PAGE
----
Month: March 2017

The incredible Bollmann map workshop (2)


(See Part 1 here:

Perspective effect
The maps are obviously not drawn in perspective. They use a modified axonometric projection, invented by Hermann Bollmann. With this kind of parallel projection, the scale is constant across the map. A 45-degree angle gives the best compromise of dimension and clarity, and each map has it’s own unique viewpoint which is chosen to best show that city. The color palette is also selected on a case-by-case basis.

Detail from the Stuttgart map.

The secret of success
Why do Bollmann’s maps seem so much more informative, in terms of being useful navigational aids, than aerial photos and 3D-rendered views like Google Earth? There is a lot of high-tech, data-driven mapping at our disposal, but it is no match for their informational artistry. A key factor is that the Bollmann maps are not drawn in an exact realistic proportion. Otherwise we would mostly see roofs with compressed facades, which would not be useful for helping navigation on the ground. Buildings are adjusted to be more visually descriptive without compromising the character of the structure. A vertical exaggeration of between 120% and 170% is applied, depending on the character of the city. Also, the streets have been considerably widened, so we can clearly see them and their labels. It’s not obvious until you compare one of these maps to an aerial photo. “We draw cities from above, as you see them from below”, says Sven. Like all good informational graphics, the interpretation enhances our understanding. A crucial point. It’s why many 3D-rendered maps are very unsatisfying. Just disappointing pieces of technical wizardry, in terms of wayfinding, without this careful infographic intervention.

Detail of the Wiesbaden map.

Detail of the Hamburg map.

Master mapmaker
Above is Thomas Greve’s workstation, where he spends many hours making hand-drawn map corrections. It’s a mixture of analog and digital. Photos from the street, and from the air, are on the monitor. Areas needing attention are marked in green. The detail below (different from the one shown above) shows the painstaking checking and correction process.

Advertising pays the bills
90% of Bollmann’s income is from companies having their small logo placed on a map. This has been the business model since the company began. Without that source of revenue, they would not have been able to maintain their standards. Well, not without having to charge a very high price for each map. The current cost of a folded city map is 6.90 Euros (about $7.25).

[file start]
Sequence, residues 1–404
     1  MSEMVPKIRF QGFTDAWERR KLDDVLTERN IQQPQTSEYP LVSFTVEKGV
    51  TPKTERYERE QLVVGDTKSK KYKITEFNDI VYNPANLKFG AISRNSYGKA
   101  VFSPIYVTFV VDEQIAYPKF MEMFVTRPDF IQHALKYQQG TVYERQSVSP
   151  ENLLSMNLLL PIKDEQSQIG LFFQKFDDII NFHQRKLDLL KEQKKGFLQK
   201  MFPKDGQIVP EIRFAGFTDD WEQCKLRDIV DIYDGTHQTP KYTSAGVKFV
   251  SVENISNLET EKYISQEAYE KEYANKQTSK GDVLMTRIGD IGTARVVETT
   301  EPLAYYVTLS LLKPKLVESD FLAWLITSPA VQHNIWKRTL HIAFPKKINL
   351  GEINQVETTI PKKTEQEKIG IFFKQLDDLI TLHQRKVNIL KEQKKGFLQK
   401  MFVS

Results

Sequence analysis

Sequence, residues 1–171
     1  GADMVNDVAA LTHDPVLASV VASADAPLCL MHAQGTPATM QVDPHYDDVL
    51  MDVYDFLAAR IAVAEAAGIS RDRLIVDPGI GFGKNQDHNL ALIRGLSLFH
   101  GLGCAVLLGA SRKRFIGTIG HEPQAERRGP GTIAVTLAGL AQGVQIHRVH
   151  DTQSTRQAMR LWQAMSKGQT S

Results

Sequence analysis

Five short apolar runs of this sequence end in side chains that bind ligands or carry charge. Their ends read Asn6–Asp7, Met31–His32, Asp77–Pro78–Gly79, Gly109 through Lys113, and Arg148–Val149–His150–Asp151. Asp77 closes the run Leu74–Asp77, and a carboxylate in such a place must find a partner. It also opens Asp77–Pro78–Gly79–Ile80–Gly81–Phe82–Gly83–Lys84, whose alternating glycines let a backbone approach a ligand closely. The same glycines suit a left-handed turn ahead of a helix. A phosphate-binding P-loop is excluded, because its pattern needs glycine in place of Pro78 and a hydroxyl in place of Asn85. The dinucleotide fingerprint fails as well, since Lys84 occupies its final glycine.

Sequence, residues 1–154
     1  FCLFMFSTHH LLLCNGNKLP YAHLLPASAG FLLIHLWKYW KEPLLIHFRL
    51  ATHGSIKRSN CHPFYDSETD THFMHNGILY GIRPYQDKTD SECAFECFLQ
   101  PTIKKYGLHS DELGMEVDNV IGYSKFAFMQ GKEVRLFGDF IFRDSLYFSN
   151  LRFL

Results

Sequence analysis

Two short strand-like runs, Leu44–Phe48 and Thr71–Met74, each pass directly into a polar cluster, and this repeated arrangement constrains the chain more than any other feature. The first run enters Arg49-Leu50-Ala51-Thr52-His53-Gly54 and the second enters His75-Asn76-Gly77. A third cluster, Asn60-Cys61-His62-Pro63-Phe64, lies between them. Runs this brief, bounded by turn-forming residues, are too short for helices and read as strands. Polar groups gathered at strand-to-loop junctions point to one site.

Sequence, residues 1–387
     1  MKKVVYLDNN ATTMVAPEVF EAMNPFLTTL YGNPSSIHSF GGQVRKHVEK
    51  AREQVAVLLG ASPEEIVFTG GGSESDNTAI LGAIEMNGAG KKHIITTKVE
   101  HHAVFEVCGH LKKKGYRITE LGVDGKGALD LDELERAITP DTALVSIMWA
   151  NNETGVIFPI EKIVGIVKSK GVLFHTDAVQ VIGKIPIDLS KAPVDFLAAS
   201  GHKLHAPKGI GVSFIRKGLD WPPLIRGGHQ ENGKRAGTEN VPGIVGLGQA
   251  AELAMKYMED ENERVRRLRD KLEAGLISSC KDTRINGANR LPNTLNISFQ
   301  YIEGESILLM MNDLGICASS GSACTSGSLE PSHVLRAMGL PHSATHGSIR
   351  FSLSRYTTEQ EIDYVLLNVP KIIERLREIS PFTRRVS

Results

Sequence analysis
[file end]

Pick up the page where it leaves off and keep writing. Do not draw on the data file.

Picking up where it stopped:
New York City
I mentioned in an earlier post, the classic map of the 1964/65 World’s Fair that I have on the wall in my office:
To mark my visit, the Bollmanns presented me with the best gift imaginable, a specially-printed oversize version of the classic map of New York City. This 1962 tour-de-force was based on 50,000 street-level photographs, and 17,000 from the air. The print is huge and magnificent, and framing it will cost me a very large amount of money, but I’m finding a wall and this is going on it. Here is Michael Stoll* standing near the map, and perhaps wishing it was his.

A big thank you to Sven Bollmann for his invaluable help with these two posts. And for that amazing map!

Bollmann Maps:

(All map images © Bollmann Bildkarten. All photographs by Bollmann Bildkarten, or Michael Stoll.)

*Professor Stoll organized this trip for myself and four of his students from the Augsburg University of Applied Sciences. Michael’s superb collection of classic information design has featured in this blog a number of times already, and will be here in the future.

The incredible Bollmann map workshop (1)


Detail from the 1962 map of New York City.

On the 18th of November last year, I stepped into a time tunnel, and stepped out into the offices of Bollmann Maps in Braunschweig, Germany. And I mean that in the best possible way. These cartographers produce all of their maps with the same methods that have been in use since 1963. Everything is hand-crafted. The production process is completely analogue. They use pen and ink on overlay film, photograph it with a classic 1950s line art camera, and print on their own 1965 printing press. (Bollmann Maps:

Jan at work on a set of map overlays.